The Ministry of Lisa Copen

Lisa Copen, Founder of Rest Ministries which serves the chronically ill, shares about mothering, illness, ministry and more.

Archive for Rheumatoid arthritis

30 Things About My Invisible Illness You May Not Know

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Prize Give Away! Fill out #iiwk09 meme “30 Things About My Invisible Illness You May Not Know.” Copy it from our web site here: – Share it with others via Facebook “notes”, your blog, etc. THEN… post a COMMENT on our blog w/ the link to where you posted it and we are going to choose 2 people to receive a prize Sept 5th, 2009.


  1. The illness I live with is: rheumatoid arthritis
  2. I was diagnosed with it in the year: 1993
  3. But I had symptoms since: a few months before diagnosis
  4. The biggest adjustment I’ve had to make is: everything-life was never the same and I am always in pain
  5. Most people assume: RA is an inconvenience, that is doesn’t impact every part of your life and every movement you make
  6. The hardest part about mornings are: getting up, I am very stiff and sore
  7. My favorite medical TV show is: It was “ER” for years. Stopped watching a few years ago
  8. A gadget I couldn’t live without is: a jar opener
  9. The hardest part about nights are: actually sleeping, and getting all the pillows in the right places
  10. Each day I take about 20 pills (including vitamins)
  11. Regarding alternative treatments I: am open to ideas, but prefer to do my own research not get advice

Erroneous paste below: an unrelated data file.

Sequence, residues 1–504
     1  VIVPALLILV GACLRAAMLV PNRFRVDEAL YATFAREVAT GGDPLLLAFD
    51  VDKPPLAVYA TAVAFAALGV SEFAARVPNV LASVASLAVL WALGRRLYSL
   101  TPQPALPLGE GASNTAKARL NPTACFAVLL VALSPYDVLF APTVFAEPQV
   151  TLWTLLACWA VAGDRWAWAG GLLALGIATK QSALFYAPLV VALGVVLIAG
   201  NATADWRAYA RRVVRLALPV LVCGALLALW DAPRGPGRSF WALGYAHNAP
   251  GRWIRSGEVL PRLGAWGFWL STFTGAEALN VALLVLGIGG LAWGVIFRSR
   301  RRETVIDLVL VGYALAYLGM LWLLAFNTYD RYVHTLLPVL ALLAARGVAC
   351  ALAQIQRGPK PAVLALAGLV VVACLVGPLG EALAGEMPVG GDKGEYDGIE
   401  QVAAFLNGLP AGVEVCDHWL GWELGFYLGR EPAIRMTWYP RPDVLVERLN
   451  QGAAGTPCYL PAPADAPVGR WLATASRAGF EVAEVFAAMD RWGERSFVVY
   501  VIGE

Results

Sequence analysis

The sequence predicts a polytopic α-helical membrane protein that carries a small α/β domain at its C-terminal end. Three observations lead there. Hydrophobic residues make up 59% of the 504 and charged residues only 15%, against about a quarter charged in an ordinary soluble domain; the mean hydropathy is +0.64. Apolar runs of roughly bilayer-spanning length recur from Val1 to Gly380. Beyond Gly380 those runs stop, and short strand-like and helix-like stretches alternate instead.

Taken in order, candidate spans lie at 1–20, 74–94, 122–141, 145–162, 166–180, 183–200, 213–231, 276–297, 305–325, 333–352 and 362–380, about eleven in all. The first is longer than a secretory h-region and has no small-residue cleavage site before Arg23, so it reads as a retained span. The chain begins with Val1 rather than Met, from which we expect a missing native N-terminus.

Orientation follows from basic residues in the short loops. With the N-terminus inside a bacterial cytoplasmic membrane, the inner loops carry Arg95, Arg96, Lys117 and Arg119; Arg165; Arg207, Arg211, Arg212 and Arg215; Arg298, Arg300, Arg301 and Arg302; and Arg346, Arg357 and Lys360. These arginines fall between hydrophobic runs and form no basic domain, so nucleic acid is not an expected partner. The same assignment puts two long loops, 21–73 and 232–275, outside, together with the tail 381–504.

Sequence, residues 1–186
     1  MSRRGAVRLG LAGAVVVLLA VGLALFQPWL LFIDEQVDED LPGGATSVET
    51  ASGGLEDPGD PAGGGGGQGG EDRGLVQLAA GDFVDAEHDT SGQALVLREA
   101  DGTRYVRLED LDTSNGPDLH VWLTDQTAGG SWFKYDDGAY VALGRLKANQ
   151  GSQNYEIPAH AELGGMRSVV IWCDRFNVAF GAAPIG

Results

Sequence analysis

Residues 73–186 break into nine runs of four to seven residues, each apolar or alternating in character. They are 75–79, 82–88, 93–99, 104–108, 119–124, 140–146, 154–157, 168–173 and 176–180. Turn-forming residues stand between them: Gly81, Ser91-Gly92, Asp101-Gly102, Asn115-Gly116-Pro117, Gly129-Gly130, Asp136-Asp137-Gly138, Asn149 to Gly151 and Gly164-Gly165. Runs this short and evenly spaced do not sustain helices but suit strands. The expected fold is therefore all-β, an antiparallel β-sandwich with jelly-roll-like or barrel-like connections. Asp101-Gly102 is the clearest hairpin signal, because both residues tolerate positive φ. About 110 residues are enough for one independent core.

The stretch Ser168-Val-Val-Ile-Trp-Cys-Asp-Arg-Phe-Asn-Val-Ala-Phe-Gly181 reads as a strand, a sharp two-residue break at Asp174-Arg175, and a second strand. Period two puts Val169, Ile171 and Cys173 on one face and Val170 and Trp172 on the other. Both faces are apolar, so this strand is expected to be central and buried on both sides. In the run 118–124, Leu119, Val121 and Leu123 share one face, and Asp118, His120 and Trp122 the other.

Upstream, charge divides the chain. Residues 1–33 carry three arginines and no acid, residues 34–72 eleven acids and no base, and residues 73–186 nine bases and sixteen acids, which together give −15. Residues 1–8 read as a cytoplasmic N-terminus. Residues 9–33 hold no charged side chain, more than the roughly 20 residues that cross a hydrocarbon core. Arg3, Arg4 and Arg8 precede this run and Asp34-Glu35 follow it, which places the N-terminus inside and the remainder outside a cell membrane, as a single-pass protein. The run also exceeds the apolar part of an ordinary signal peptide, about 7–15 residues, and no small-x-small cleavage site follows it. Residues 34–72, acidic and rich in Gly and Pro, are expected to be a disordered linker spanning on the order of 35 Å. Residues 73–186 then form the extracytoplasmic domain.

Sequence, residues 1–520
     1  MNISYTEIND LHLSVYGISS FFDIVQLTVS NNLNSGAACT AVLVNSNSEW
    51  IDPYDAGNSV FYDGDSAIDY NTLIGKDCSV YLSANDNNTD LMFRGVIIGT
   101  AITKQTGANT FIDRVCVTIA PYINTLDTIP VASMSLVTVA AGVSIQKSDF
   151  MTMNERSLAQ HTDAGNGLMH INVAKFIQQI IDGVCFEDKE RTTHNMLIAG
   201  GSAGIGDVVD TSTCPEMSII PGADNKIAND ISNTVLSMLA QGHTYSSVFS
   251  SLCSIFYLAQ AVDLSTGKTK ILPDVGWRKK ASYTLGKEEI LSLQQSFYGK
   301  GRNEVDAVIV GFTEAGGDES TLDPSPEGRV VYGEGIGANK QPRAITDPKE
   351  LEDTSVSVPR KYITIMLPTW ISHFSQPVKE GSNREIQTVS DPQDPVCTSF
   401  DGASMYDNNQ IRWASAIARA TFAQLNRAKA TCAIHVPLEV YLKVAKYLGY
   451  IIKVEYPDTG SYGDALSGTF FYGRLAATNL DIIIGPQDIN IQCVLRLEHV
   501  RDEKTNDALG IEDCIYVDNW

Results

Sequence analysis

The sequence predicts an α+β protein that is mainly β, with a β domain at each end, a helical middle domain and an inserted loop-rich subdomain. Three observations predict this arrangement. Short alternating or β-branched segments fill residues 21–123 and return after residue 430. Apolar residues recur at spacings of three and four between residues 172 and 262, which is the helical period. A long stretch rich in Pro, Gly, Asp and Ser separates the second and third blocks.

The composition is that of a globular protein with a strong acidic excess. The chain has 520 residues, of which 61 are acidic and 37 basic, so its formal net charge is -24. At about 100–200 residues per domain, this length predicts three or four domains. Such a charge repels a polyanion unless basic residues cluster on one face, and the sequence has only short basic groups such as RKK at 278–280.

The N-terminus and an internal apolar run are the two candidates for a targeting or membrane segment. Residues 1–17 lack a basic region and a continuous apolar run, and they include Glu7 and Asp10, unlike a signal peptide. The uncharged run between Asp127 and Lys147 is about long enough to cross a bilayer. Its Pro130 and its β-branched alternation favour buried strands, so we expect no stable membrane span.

12. If I had to choose between an invisible illness or visible I would choose: invisible
  13. Regarding working and career: I was discouraged I couldn’t fulfill the plans I had, but I’ve found God had something better
  14. People would be surprised to know: how deformed my hands and feet are. That the arthritis is in every part of my body, not just “a place.”
  15. The hardest thing to accept about my new reality has been: Seeing the progression of the breakdown of my body, despite the medications and knowing the older I get, the harder surgeries will be to recover from.
  16. Something I never thought I could do with my illness that I did was: go on roller-coasters! We recently went to Disneyland and I just “did it.” And climbing up slides at the park when my son was a toddler and needed help going down.
  17. The commercials about my illness: are nothing like reality. They are very deceiving about most illnesses I think.
  18. Something I really miss doing since I was diagnosed is: being carefree, being able to walk on sand down to the beach and just walk forever along the coast.
  19. It was really hard to have to give up: being creative with my hands like cross-stitching, quilting, etc.
  20. A new hobby I have taken up since my diagnosis is: creative things on the computer like digital scrapbooking
  21. If I could have one day of feeling normal again I would: Run. Play with my son, throwing a Frisbee, playing volleyball, running on the beach.
  22. My illness has taught me: that life is precious and not to take moments for granted or to take the health of your family for granted. We never know how much time we have with those we love.
  23. Want to know a secret? One thing people say that gets under my skin is: I’m so glad you are feeling all better now!”
  24. But I love it when people: actually follow through when they volunteer to help me with something. It’s so hard to ask for help, and then when the person changes plans at the last minute because it’s just inconvenient for them, it can be difficult for a person with illness to find a back up (I’m thinking of generalities here, not a specific situation.)